Three movies on Netflix to watch immediately
As a California resident I have been in quarantine for about nine months. In that time I have had to find ways to entertain myself that doesn’t include going outside, so streaming services have been my best friends. Despite watching more movies in these nine months than I probably have the last three years, my top three favorite movies haven’t changed.
Which must mean that they’re the best movies to exist. Luckily, all three are currently available on Netflix. So you should watch them too.
(Light spoilers ahead)
- “Pan’s Labyrinth” dir. Guillermo Del Toro
Through the trials of Ofelia, the film’s protagonist, director Guillermo Del Toro intertwines fantasy and reality. Audiences see the greed that drives war, the abuse powerful men are capable of and nightmare worthy monsters brought to life. But to its core “Pan’s Labyrinth” is about unwavering love, and the risks people take once they feel this love.
2. “Moonlight” dir. Barry Jenkins
“Moonlight” is a film so well thought out it’s heartbreaking. Every part of the film builds main character Chiron’s world. Whether it is the focus on his crush’s breathing as they play, letting audiences know that at that moment this is all that mattered to Chiron or the pink light that comes from Chiron’s mother’s room as she yells at him, either feminizing the “devil’s den” or a crack den. Chiron’s world is built up to be devastating and tender. Director Barry Jenkins never holds back when showing the hardships of a young queer Black boy growing up in a low income community. Whether you are the Chiron, Chiron’s support system, or Chiron’s tormentor in your own story, Jenkins ensures that audiences will be forced to deal with the emotions that they have most likely tried to bury away.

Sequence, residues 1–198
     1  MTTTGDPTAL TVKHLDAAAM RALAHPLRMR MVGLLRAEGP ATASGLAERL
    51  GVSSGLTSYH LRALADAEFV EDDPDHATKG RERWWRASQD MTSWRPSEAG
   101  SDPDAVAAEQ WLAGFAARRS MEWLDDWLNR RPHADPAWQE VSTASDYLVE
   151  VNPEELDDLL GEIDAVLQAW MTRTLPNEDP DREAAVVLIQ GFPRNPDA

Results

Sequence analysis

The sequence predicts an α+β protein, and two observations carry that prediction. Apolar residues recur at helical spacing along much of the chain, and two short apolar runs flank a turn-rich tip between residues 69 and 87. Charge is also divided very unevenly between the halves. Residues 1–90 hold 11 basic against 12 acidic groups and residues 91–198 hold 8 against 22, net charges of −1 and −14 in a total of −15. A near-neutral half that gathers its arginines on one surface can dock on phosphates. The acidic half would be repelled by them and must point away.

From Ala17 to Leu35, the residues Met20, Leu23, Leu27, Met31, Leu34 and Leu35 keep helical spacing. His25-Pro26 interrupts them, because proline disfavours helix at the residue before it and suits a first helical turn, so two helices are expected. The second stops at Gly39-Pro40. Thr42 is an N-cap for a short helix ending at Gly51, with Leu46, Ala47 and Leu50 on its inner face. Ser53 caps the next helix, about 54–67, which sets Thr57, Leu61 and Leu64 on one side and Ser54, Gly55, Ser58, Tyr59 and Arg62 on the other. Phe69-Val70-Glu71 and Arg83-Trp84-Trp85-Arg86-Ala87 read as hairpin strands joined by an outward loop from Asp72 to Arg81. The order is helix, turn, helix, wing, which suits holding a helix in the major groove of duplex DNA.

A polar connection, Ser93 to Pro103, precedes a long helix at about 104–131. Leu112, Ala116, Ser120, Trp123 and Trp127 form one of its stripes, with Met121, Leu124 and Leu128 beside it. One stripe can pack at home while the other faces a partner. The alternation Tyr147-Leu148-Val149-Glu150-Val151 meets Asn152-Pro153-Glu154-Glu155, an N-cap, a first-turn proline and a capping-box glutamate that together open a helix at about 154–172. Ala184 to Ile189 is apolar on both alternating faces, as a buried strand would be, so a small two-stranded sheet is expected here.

3. “A Silent Voice” dir. Naoko Yamada
I don’t believe a single adult person would proudly reveal their past as a bully. Unfortunately, some of us are another person’s tormentor. “A Silent Voice” not only shines a light on the emotional trauma bullying causes, but also the pain of becoming self aware and what happens when you don’t like that “self”. Topped with beautiful animation, the film gives a new meaning to “growing pains” while showing the importance of correcting your wrongs, no matter how much you rather forget them.